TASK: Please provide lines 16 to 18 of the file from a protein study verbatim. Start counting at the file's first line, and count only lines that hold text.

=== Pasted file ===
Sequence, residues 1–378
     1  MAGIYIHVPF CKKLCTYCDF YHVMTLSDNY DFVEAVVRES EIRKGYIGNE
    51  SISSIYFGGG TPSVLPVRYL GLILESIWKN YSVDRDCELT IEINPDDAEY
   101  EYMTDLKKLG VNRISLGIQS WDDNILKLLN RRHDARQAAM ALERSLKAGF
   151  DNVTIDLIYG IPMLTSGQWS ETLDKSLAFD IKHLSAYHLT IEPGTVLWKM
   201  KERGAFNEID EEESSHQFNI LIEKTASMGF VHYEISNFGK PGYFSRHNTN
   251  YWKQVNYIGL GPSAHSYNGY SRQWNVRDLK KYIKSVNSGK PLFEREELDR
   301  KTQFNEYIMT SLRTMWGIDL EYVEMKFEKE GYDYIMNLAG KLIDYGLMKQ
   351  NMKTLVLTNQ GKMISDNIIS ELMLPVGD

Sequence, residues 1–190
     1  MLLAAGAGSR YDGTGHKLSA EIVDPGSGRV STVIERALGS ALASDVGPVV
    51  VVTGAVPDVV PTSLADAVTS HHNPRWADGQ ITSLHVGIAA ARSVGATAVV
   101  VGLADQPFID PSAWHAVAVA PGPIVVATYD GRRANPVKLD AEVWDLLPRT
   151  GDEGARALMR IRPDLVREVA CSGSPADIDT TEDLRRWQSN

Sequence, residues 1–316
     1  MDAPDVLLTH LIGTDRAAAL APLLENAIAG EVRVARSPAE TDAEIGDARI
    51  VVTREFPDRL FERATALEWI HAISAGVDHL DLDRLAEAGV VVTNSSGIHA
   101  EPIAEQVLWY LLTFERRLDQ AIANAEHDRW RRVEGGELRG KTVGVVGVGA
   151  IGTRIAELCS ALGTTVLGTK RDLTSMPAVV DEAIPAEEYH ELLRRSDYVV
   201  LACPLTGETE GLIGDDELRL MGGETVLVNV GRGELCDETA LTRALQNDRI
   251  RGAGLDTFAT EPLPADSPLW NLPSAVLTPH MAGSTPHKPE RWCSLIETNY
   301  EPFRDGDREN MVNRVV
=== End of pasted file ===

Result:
     1  MDAPDVLLTH LIGTDRAAAL APLLENAIAG EVRVARSPAE TDAEIGDARI
    51  VVTREFPDRL FERATALEWI HAISAGVDHL DLDRLAEAGV VVTNSSGIHA
   101  EPIAEQVLWY LLTFERRLDQ AIANAEHDRW RRVEGGELRG KTVGVVGVGA